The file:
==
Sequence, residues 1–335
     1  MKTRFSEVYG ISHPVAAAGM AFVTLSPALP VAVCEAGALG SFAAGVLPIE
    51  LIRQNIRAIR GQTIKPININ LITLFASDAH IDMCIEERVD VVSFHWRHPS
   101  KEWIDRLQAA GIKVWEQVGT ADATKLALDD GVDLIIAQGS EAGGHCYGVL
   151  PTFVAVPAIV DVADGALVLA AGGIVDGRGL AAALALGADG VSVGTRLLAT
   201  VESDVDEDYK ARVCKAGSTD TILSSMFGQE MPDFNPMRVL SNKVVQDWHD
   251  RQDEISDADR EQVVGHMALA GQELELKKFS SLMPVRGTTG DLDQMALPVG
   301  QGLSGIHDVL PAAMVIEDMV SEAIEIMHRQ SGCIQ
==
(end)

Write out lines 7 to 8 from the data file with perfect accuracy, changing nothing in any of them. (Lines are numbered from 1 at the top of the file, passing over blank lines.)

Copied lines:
   251  RQDEISDADR EQVVGHMALA GQELELKKFS SLMPVRGTTG DLDQMALPVG
   301  QGLSGIHDVL PAAMVIEDMV SEAIEIMHRQ SGCIQ